The house was enlarged, first by the late Dexter P. Rumsey, and later by his widow. It was one of the earliest Buffalo homes equipped with an elevator. The original elevator was operated manually, by means of ropes. For years after it ceased to be used, the pump that once supplied water for the house was left standing in the garden. A memento offormer days, that pump graces the lawn of the home of Donald Rumsey, grandson of the late Dexter P.


Music room: Most familiar to Buffalonians is the music room now occupied by the bar of the V.F.W. Post. Its floor and mantel of Italian design are of marble, while the white, marble-like walls are of Caenstone. The late Mrs. Dexter P. Rumsey added color to this white room with furniture upholstered in crimson brocade. In that music room, Gertrude Watson,Buffalo-born pianist, and the Coolidge quartet were heard. Probably the most famousc concert artist to be a house guest in the mansion was the internationally known pianist Myra Hess.

The music room was made available by Mrs. Rumsey for meetings of several organizations and embryo movements. An early exponent of women's suffrage, she opened her home to groups furthering the cause. A frequent guest and close friend of Mrs. Rumsey was the late leader of the women's suffrage movement Carrie Chapman Cott.

A director ofthe Girl Scouts of America, Mrs. Rumsey opened her home to early Girl Scout meetings. Juliet Lowe, founder of the organization, and other prominent Scout leaders knew the hospitality of the mansion.

Margaret Sanger also visited Mrs. Rumsey in whose home some of the first birth control meetings were held,

For parties, including the debuts of Ruth Rumsey Donovan, daughter of the late Mr. and Mrs. Dexter P. Rumsey, their granddaughter Margaret (Mugler) and Susan KimberlyWarren, Mrs. Rumsey's niece, the orchestra was stationed in the conservatory off the music room, and young people danced from one to another of the beautiful first floor rooms.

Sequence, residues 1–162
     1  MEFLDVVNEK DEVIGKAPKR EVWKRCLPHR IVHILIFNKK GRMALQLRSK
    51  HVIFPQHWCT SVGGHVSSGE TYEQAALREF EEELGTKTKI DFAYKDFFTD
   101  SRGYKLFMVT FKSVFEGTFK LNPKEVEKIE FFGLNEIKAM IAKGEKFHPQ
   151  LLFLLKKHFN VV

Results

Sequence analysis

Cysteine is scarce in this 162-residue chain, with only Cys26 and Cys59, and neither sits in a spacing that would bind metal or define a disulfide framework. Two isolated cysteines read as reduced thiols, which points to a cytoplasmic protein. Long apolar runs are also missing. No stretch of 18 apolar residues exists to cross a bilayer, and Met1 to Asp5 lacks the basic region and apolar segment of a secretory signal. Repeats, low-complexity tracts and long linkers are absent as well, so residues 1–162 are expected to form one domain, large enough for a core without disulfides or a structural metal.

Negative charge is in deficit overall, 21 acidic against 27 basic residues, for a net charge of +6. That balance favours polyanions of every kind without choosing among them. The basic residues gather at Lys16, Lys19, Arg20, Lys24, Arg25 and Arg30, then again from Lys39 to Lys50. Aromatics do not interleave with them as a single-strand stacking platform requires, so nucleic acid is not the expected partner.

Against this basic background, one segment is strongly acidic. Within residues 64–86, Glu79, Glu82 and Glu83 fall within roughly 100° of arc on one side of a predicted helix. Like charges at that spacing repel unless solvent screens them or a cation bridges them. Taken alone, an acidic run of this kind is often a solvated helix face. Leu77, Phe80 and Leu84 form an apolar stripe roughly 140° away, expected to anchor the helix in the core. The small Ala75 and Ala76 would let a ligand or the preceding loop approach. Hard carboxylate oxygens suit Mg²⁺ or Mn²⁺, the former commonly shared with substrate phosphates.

Drawing room: Perhaps the most unusual room of the house is the Gothic drawing room, now a banquet room of the post. The dark oak panels of its walls are carved to suggest a Gothic cathedral. Because of the late Dexter P. Rumsey's predilection for fishing, the fish motif is seen in every panel. As one enters the house, the Gothic drawing room is on the right,with the spacious dining room behind it. On the left is the library, one of the oldest rooms of the house, with the billiard room in its rear.

In addition to rooms mentioned, the first floor comprises a large kitchen, pantry, and a round tower room. Nearly every room in the house has an ample open fireplace to contribute to both warmth and an inviting aspect. Except for the library, now the VFW director's room, first floor rooms are dining rooms, with the drawing room used as a ballroom. onoccasion. Second story sleeping rooms, each with its own bath, now are offices or rooms for small private parties.

When members of the Rumsey family lived in the mansion, it was elegant with rich Oriental rugs, Chinese tapestries, Italian primitive paintings, gold candelabra and Italian and Spanish furniture carved and inlaid with rare artistry. Among objects of art from the old home treasured by Mr. and Mrs. Dexter P Rumsey, Jr., is an ebony Spanish chest inlaid with ivory and tortoise shell.

In addition to those mentioned, distinguished visitors in the house included Gilbert K. Chesterton, Katherine Cornell, Hugh Walpole, author; Alice Doerr Miller, poet; Marshal Badoglio of Italy, members of an Italian peace commission to the U.S., the pianist, Gabrilovich, and his wife, Sarah, daughter of Samuel Clemens, known and loved as Mark Twain; Mrs. Joyce Kilmer, widow of the poet; Vincent Sheehan,Dorothy Thompson, Sen. Bankhead, and several leaders of the Republican party.

While Mr. and Mrs. Dexter P. Rumsey, Jr., lived in the mansion, prominent guests included Joseph Grew, U.S. ambassador to Japan preceding and until the Pearl Harbor attack and Congressman Walter G. Andrews with his entire Congressional Armed Services Committee.

Community involvement

The late Dexter P. Rumsey was identified with tanneries, real estate and banking in Western New York. He was president of the Buffalo Club and the wide range of his interests included business, civic activities, cultural and social organization.

Mrs. Rumsey also was a leader for decades in civil, cultural and social activities, intensely interested in the development of her home city. She was a member of the City Planning Association. She was president of the Twentieth Century Club and the Chamber Music Society, a trustee of the University of Buffalo and a prominent supporter of the Albright Art Orchestra, Millard Fillmore Hospital and the League of Women Voters.

After Aaron's death Bronson and Dexter took over his booming tanning and leather business,which they managed with continuing success until it was absorbed by the United States Leather Company. Thereafter, both brothers managed their investments from the former offices on Exchange Street.


As can be seen from [the genealogy table] Dexter was married three times.

1. His first marriage to Mary Coburn ended with her death in 1859 but produced two children, Cornelia who married Ansley Wilcox in 1878 but died two years later, and Mary Grace, who married Ansley in 1883.

2. Dexter's second marriage was to Mary Bissell, but seems to have been childless, and she died in 1886.